IBM's millimeter wave frequency breakthrough

IBM says it has achieved a breakthrough in wireless technology which could lead to a new generation of wireless electronic devices capable of transmitting and receiving at speeds 10 times faster than today's advanced WiFi networks (IBM referred to speeds of up to 630 Mbps). Based on a silicon germanium compound, the chip set, conforming to the 802.15.3c specification, sends and receives information in a portion of the radio spectrum which is currently unlicensed and can carry a much higher volume of data. Specifically, IBM's new technology uses the portion of the radio spectrum from 30 GHz to 300 GHz, referred to as "millimeter wave" frequency bands because the waves in a signal within these bands is measured in millimeters. This portion of the spectrum has been of interest for some time, but no practical solution was available to utilize it.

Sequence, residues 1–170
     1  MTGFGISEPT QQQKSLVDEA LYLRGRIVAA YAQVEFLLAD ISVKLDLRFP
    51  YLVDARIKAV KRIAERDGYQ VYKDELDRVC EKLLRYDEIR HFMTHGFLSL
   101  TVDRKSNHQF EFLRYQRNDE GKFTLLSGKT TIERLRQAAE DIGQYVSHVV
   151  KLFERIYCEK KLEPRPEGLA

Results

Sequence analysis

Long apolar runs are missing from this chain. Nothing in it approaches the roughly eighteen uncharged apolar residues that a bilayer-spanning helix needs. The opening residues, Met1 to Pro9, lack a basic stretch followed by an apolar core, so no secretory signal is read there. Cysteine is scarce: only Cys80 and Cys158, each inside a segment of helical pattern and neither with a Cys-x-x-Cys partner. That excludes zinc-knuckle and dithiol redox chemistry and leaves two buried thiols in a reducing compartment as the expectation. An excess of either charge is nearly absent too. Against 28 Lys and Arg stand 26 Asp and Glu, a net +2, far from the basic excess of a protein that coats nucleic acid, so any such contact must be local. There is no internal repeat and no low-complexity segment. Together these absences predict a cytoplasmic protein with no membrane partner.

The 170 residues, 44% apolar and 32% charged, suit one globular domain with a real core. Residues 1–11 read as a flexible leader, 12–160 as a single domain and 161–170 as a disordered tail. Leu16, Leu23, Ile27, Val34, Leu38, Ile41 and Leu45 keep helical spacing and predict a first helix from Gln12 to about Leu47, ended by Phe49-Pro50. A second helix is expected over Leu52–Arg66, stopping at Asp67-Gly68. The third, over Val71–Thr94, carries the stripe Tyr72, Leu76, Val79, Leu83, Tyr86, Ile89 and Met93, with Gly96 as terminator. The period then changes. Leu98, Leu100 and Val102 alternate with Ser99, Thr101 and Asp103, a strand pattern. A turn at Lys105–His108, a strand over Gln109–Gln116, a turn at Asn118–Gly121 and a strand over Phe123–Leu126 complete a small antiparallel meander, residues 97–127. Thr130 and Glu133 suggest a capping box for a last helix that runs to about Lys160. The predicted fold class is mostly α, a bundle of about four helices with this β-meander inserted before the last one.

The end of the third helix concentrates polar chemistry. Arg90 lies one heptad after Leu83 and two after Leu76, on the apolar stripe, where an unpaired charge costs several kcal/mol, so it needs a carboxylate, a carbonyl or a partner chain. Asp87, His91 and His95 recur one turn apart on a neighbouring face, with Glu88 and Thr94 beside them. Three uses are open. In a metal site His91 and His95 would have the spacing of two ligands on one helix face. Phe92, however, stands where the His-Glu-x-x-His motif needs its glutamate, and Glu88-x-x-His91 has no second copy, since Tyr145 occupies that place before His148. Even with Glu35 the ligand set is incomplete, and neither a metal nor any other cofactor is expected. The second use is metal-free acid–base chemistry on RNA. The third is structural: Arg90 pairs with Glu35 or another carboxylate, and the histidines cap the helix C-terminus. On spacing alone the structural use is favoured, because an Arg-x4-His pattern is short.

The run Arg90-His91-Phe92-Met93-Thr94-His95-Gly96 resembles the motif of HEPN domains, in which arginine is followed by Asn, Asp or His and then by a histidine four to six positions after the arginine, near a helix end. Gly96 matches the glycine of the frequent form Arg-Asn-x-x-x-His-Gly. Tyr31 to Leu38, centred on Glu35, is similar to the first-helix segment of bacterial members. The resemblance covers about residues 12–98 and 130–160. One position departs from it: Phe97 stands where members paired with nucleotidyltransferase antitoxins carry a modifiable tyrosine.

IBM says that a prototype chip set module, including the receiver, transmitter and two antennas, would be about the size of a penny. The design also keeps down costs with the antennae embedded inside the chip set package. Further cost reductions can be achieved by integrating the chip set and antennas in standard IC packages. The new chip would be suitable for applications in 60 GHz technology such as WPANs for home or intra-office communications in the 10 meter and below range. Such networks could be designed to support wireless Gigabit Ethernet, wireless display, wireless docking station, synchronization of PDAs with desktops/laptops and wireless downloading of pictures from a camera.  IBM's new chip is not good news for UWB, hobbled by an irreconcilable standard dispute.

For more on IBM new chip:
- read Mark Hachman's ExtremeTech report

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